Fully aware of the difficulty of the task and bringing to it a thorough knowledge of the language and literature of both countries, Mrs. Bowen-Wedgwood made a deliberate effort to widen the range of expression, even at the cost of bold departures from the conventional English of the present day. She herself writes of it in her original foreword: “In trying to reproduce such contents in an English form, the translator would ask the reader's patience where the language may somewhat deviate from past tradition or present practice … In the West, it is time to make determined endeavours towards evolving forms of the mother-tongue that can receive what has now been given … They can be, at present, but groping first endeavours, may be uncouth and inhabitual. But the speech of any race of men is not a thing that can be standardised and fixed; it grows with their spiritual growth, and is at all times a measure of it. The English language…has still to find, through the souls of its speakers, those modulations which shall carry the spiritual substance that lives in the words of Rudolf Steiner.”

From conversations I myself was privileged to have with Rudolf Steiner when I interpreted his lectures by word of mouth, I know how anxious he was that we should not allow our language to become stereotyped, or resist the kind of changes which a new content in spiritual life will tend to bring about. You put a stop to all spiritual progress, he said to me on one occasion, if you insist that your mother-tongue must remain in the precise form to which you are now accustomed. He gave examples to show how rapidly — in German too — a new creative element in spiritual life will bring in quite new forms of expression, which soon become so familiar that it is difficult to believe they were not always there.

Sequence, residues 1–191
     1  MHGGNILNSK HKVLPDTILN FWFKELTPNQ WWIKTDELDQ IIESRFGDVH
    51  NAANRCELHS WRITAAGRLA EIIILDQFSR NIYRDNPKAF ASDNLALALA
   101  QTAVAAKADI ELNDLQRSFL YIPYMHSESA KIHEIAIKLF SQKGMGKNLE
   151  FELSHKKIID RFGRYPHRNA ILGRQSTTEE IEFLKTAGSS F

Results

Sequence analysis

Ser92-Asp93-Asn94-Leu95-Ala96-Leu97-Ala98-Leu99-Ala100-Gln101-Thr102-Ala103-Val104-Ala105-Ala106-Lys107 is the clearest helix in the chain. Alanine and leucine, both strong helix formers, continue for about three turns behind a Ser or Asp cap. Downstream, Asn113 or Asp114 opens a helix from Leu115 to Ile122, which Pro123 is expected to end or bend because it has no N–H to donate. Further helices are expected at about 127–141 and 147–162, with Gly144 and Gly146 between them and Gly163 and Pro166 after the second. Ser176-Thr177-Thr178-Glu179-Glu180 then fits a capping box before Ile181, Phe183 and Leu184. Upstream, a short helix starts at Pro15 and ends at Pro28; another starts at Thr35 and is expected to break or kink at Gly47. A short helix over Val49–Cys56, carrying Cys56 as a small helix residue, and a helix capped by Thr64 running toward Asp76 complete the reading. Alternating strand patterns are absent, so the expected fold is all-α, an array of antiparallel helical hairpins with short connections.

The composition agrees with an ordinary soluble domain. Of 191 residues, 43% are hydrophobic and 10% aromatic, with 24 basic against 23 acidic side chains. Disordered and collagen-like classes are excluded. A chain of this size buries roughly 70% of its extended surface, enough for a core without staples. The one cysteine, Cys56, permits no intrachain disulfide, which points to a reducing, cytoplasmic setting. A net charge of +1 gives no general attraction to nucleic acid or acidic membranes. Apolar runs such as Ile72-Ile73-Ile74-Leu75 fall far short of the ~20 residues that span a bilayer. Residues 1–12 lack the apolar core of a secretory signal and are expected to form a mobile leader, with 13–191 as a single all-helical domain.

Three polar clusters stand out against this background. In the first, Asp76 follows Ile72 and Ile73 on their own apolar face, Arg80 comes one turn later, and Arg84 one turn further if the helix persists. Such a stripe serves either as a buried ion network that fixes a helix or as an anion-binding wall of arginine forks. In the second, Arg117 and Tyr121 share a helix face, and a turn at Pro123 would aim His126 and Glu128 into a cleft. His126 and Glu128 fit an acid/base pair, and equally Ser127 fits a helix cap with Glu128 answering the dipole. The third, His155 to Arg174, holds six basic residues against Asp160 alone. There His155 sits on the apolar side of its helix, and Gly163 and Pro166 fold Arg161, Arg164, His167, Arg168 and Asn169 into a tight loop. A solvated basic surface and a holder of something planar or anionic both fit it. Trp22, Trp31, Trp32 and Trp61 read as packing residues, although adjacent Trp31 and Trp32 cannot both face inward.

For this revised edition I have however made some modifications so as to ease the reader's way. Notably the anthroposophical technical terms, for some of which Mrs. Bowen-Wedgwood used new forms of her own, have been restored to the accustomed English versions. Concerning technical terms, the following notes may be of help. For the three soul-members, these are the renderings approved (or, in the last two instances, actually suggested) by Rudolf Steiner:

Empfindungs-Seele: Sentient Soul

Verstandes-oder Gemüts-Selle: Intellectual or Mind-Soul

Bewusstseins-Seele: Spiritual Soul